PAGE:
Chinese cuisine is highly regional, with a dazzling assortment of styles, tastes, and techniques found throughout the nation. From the light, flavorful, and umami-emphasized foods of the Fujian province to the world-famous wok and Dim Sum dishes found in Cantonese cuisine, it's safe to say the country is an enthralling place to eat (via Hakkasan).
Inside China, Sichuanese food is the most popular of the regional cuisines. Not only does the region comprise the largest sector of food deliveries in China, but Sichuan province's capital Chengdu became the first city in Asia to receive a UNESCO gastronomy designation, notes Radii. A fertile, damp part of the country, the food utilizes every range of tastes, incorporating spicy, floral, sweet, bitter, and smokey flavors — sometimes all at once. One of the cuisine's most fundamental ingredients is the Szechuan peppercorn, per Serious Eats. So let's dive into this unique spice — both numbing and floral, it's an ingredient unlike anything else. Cassia Powder
Despite their name, Sichuan peppercorns are unrelated to black peppercorns and chile peppers. Instead, the spice covers several plants in the Zanthoxylum, or prickly ash species, part of the citrus family (per Britannica). Their taste is floral, sometimes described as lavender and pine, with some citrus fruit sweetness in the background (via Spiceography). A component in Chinese five-spice, Sichuan peppercorns are the dried husks surrounding the seed. They're used in both powdered and whole form, notes The Spruce Eats.
Most notably, Sichuan peppercorns are known for their unique numbing and tingling sensations. Reminiscent of a carbonated beverage or Pop Rocks, their qualities may come across as heat-like, but their mechanism is the opposite of capsicum. These husks contain a chemical compound that initiates minuscule vibrations across the tongue and lips. Operating like a local anesthetic, these properties block out flavors, making them a popular pairing with spicy chilies in Chinese cuisine, explains Britannica. Such a quality enables fascinating flavors in the kitchen — let's explore how to use them.
In Sichuanese food, the balance of the peppercorn's numbing sensations combined with chili peppers' spiciness is known as málà. A tenet of the cuisine's complexity, this flavor dichotomy means that the spice can add a multi-dimensional component to everything from broths and cold noodles to pastries. Chili oils and spice blends are an especially popular vessel for flavor integration, notes Bon Appetit.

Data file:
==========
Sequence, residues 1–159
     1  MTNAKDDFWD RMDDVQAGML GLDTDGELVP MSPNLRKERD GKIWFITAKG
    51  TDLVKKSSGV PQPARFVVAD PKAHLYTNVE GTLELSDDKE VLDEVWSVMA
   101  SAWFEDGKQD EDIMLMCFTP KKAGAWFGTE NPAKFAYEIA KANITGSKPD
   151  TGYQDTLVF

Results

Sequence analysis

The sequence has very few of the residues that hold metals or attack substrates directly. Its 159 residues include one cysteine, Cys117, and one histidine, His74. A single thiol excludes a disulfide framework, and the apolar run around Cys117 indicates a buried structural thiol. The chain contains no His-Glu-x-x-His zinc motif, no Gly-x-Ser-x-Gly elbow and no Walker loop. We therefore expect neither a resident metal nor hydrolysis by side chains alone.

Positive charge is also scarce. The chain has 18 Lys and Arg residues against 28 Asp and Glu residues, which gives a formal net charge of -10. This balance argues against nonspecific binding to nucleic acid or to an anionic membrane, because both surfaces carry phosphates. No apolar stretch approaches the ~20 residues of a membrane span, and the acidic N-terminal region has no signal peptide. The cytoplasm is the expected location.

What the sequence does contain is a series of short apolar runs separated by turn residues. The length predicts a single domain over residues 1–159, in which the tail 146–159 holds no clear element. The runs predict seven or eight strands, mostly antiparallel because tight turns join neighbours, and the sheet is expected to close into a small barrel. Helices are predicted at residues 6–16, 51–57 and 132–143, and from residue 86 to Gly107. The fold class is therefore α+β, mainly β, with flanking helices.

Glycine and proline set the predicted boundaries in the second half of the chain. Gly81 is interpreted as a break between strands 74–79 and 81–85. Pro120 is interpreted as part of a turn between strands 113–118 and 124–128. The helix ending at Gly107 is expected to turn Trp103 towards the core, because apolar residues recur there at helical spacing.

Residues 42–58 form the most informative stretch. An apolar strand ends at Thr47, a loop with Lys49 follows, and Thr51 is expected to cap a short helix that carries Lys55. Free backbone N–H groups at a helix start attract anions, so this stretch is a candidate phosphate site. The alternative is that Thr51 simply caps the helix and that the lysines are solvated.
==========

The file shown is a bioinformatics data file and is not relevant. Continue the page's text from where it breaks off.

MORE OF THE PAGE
It's best to buy peppercorns whole for the most variability. They can be cooked in oil and strained to impart a flavor or tossed into a stir-fry — although whole peppercorns can be uncomfortably crunchy. For easier integration, toast the husks, and grind them with a mortar and pestle. Keep in mind their numbing qualities are not noticeable when small amounts of peppercorns are used. For some recipes, like in a marinade, the numbing effect is not intended, explains The Woks of Life. Sichuan chili oil, like in a base of a dry hot pot, is an especially good starting point for sampling the spice. Plus, it can easily be stored and drizzled on top for an aromatic kick.
With several plants encompassed in the Sichuan peppercorn name, there are more than 60 variations of the spice. The most popular is the large, red kind — what most cooks associate with the name (via Mala Eats). For culinary uses, seek out the Da Hong Pao type, translated as the red robe. These husks feature a citrusy, slightly wood-like flavor with a pleasant warmth perfect for dishes. Another common red variety is Hanyuan, which boasts a brighter, more floral taste, with the berry smaller and darker in size (via The Mala Market).
Green Sichuan peppercorns are a different variation of the plant, not an underripe berry, as some believe. They numb the tongue more than their red counterparts, and deliver a lemon-like aroma, notes Mala Eats. With a piney, minty flavor, some even compare them to breath mints — a world away from the taste of the red peppercorns. In Japan, yet another kind of Sichuan peppercorn is called sansho. This type highlights the citrus flavor without the numbing, perfect as a topping for noodles, or tofu, explains Viet World Kitchen.
Not all Sichuan peppercorns are created equal — it's necessary to select carefully for optimal flavor. The husks are most aromatic when recently picked, and their freshness can be determined by numerous factors. Check for a bright color, red or green, depending on the variety, with darker hues showing staleness. Additionally, the spice should be very fragrant, with the aroma palpable even when the package is unopened, reports China Sichuan Food.
Da Hong Pao Sichuan Pepper Sichuan peppercorn sale was prohibited in the U.S. until 2004 due to fear of a citrus tree canker spreading alongside the spice (via New York Times). As a result, they can still be tricky to find, although increasingly prevalent in gourmet groceries, Chinese supermarkets, and online. The Woks of Life recommends purchasing the spice online for the freshest quality and largest selection. Plus, it's easier to purchase in bulk — unground Sichuan peppercorns will last for a few years in an airtight container.